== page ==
By Doug Thompson
I’ve had fun in this space talking about the $500 price of PlayStation 3s.
Now something that triples that price intrigues me.
It’s a computer called the “FragBox” made by a company called Falcon Northwest (www.falcon-nw.com/).
This is a souped-up game-playing PC roughly the size of a shoebox. It has a handle on the top. Earlier models were good, supposedly. This one, according to PC Magazine, is great.
Now, before somebody reads this and calls my wife, I have no intention of replacing my PC anytime soon. Somebody out there does, however. He or she should know about this.
How can I write that about a machine I haven’t tried, or even seen? Because this gizmo that’s halfway between a laptop and a desktop is interesting in principle. Also, this computer knocked the Dell XPS 630 off the “Editor’s Choice” top of the gaming computer list at PC Magazine for this price range. The Dell machine had only been there two months. That’s some kind of record.
The FragBox weighs 20 pounds. It is a fully functioning Windows machine. It was designed for lugging around to LAN parties, where computer gamers meet and hook up their machines to a network to play against each other. Getting top-line game-playing performance out of a laptop is a very expensive proposition. Hauling around a full-sized game machine with all the frills is a pain, and can be expensive too if you drop it.
I don’t go to LAN parties. I’m still intrigued. This is because my biggest problem with home PCs — by a long shot — is a combination of dirt, dust and carpet fibers.
We keep a clean house. Unfortunately, even a budget gaming machine has problems keeping cool. The basic solution is fans — lots of them. These turn a computer into a low-intensity vacuum cleaner.
This dust-bearing airflow has caused me more trouble with optical drives (DVD drives, etc.) than with all other types of computer problems put together.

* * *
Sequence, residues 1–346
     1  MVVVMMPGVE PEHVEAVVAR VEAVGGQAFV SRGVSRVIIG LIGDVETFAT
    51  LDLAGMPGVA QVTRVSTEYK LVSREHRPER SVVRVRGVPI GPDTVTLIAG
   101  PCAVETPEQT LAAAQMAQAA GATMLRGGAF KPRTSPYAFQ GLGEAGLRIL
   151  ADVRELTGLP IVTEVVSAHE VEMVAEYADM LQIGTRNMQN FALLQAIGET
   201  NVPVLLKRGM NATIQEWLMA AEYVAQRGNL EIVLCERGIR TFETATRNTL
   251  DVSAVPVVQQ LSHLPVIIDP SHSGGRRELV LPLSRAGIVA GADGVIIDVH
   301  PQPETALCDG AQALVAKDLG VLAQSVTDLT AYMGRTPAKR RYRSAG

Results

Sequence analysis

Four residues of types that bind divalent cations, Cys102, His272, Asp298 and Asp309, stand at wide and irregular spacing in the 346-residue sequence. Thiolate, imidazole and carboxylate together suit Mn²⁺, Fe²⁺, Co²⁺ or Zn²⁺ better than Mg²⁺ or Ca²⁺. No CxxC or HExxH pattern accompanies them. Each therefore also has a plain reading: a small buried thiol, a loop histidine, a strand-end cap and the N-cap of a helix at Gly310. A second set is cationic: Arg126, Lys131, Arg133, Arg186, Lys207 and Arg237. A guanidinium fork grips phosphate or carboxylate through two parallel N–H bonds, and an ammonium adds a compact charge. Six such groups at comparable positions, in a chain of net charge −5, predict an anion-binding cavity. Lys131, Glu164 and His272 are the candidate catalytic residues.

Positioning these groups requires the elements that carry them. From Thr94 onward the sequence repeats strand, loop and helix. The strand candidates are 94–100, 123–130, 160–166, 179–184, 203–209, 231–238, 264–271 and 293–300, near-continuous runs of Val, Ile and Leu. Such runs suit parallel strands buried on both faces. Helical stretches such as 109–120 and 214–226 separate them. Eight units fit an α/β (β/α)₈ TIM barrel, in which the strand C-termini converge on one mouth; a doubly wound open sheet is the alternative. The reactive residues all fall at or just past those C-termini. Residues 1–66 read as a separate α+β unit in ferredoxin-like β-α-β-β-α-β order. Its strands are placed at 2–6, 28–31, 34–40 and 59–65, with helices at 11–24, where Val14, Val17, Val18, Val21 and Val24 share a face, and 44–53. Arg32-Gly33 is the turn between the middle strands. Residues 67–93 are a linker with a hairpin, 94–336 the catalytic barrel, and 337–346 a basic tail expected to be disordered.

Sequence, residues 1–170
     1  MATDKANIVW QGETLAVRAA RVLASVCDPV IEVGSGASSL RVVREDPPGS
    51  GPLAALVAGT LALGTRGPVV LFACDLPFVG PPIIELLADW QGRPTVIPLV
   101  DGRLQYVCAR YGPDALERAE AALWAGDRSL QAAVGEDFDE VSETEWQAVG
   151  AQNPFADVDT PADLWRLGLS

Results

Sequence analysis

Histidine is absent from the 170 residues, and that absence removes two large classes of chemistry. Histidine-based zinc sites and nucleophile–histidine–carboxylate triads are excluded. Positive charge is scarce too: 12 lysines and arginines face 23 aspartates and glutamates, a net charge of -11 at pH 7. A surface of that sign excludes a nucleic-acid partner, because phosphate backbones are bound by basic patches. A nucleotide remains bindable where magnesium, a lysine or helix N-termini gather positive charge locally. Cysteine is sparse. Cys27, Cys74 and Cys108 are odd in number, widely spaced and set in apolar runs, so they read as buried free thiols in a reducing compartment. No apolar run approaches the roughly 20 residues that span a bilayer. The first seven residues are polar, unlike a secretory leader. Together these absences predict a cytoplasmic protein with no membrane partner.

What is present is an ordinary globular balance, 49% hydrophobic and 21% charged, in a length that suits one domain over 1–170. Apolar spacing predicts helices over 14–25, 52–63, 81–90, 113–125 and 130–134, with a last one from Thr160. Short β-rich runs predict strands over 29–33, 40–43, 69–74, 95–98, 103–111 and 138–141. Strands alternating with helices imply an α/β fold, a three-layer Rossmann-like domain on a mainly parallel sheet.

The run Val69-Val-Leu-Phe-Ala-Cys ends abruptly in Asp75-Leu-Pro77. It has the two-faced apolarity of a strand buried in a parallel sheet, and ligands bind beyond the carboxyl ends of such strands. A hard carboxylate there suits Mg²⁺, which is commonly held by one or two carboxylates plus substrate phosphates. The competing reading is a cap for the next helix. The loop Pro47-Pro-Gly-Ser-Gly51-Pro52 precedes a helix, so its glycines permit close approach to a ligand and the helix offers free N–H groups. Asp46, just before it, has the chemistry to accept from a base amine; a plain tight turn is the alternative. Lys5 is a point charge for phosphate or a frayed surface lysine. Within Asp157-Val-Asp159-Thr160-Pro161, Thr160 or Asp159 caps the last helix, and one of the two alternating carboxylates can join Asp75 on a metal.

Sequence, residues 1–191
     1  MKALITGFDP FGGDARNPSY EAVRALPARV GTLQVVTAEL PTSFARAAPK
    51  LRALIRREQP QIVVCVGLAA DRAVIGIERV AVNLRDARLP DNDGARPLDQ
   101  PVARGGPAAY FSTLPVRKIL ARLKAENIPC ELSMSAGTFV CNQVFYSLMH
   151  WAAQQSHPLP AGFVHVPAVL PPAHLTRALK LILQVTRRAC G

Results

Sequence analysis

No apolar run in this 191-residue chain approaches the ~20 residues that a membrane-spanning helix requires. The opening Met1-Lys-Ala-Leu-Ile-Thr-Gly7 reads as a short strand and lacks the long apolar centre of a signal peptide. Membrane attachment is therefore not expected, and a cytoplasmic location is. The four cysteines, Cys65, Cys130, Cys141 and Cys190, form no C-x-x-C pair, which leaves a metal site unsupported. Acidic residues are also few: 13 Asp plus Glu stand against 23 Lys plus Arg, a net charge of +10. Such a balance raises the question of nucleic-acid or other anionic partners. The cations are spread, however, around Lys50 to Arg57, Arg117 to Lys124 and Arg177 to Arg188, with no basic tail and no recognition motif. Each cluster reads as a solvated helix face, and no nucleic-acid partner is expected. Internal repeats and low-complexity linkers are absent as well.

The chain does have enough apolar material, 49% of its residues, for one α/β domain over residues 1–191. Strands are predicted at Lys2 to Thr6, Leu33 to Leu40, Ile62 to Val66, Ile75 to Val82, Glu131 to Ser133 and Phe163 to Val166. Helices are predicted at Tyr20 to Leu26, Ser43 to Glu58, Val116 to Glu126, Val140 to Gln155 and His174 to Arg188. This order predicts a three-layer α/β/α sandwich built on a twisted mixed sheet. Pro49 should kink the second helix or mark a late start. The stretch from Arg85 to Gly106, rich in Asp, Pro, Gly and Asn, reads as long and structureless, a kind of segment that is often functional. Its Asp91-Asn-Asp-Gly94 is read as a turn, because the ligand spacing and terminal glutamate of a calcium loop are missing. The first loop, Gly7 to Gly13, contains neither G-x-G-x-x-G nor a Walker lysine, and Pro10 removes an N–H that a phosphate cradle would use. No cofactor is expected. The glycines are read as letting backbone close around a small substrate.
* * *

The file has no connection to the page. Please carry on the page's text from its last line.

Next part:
I thought the problem might be heat, but no amount of clear space around the airways helped. I considered electrical problems, but other components that were far more sensitive never burned out.
When the drives stopped working. I’d spray them out with canned air. They’d work again for a while. I also bought a computer with a door that closes over the front, preventing air from being sucked through the drive. The curse still became so bad that I put the whole computer tower on top of my desk for a period of months, before buying yet another, higher stand for the PC.
A shoebox on top of the desk would fit nicely.
I consider the prospect of cooling such a compact machine with both wonderment and skepticism. The PC Magazine review is at www.pcmag.com/article2/0,1895,2287768,00.asp. It doesn’t mention how loud the FragBox is. It swears the machine not only works, but also runs the game “Crysis” at a very smooth 71 frames per second at a high resolution.
To give some idea of how good that performance is, the gaming Web site “Joystiq” had an April Fool’s issue that showed the people in the control room at NASA giving each other high-fives. “Crysis” was superimposed on the control room screen. The spoof story credited NASA with running “Crysis” without a system crash for 15 minutes, though at a higher resolution.
PC Magazine’s reviewer, Joel Santo Domingo, calls the 8500 model FragBox “almost reasonably priced.” I’ve read this guy’s reviews for a while. That’s high praise from him. The 8500 model costs about $1,800. The 8400 model is about $1,500 but isn’t as powerful.
The thing does have a silly logo on the front: A small human skull with a box sticking out of it. It’s pretty mild compared to the goofy parade-float boxes you can get from Alienware, for instance. A shoebox is also easier to hide.
If I had $1,500 lying around that I could spend on nothing but a PC, I’d probably still buy the Dell XPS 630. A compact design like the FragBox can’t be easy to upgrade or work on. Still, the gadget might be worth a look.